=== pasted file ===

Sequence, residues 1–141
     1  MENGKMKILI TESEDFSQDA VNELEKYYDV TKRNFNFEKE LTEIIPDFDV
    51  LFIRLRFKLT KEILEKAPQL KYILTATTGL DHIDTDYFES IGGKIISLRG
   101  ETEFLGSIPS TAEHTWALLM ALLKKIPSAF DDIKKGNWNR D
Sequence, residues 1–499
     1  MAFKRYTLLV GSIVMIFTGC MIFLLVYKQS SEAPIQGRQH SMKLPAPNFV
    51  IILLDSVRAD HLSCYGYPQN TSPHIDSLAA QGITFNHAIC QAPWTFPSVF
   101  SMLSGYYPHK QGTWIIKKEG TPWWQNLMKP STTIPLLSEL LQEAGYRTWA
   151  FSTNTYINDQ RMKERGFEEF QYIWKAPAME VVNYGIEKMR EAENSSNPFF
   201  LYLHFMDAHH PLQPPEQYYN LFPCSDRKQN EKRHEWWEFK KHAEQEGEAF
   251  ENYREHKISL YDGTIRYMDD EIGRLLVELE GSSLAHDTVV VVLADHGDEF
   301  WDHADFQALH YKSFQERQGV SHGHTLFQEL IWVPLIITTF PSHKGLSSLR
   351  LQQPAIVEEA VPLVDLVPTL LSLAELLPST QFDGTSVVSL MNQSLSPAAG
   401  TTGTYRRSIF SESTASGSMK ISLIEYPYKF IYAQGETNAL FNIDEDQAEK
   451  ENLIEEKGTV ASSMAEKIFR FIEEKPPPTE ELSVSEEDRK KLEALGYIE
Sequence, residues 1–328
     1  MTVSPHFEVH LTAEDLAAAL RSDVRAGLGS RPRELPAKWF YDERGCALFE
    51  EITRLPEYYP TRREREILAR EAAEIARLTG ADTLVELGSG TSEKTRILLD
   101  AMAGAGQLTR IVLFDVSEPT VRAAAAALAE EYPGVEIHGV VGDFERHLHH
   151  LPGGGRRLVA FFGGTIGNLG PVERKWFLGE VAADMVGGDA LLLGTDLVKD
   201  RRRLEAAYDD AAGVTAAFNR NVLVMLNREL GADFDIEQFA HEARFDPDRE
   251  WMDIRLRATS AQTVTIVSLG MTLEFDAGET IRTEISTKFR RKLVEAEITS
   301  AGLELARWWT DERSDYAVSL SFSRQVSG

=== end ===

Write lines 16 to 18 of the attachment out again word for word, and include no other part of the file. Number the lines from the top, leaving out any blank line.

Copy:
Sequence, residues 1–328
     1  MTVSPHFEVH LTAEDLAAAL RSDVRAGLGS RPRELPAKWF YDERGCALFE
    51  EITRLPEYYP TRREREILAR EAAEIARLTG ADTLVELGSG TSEKTRILLD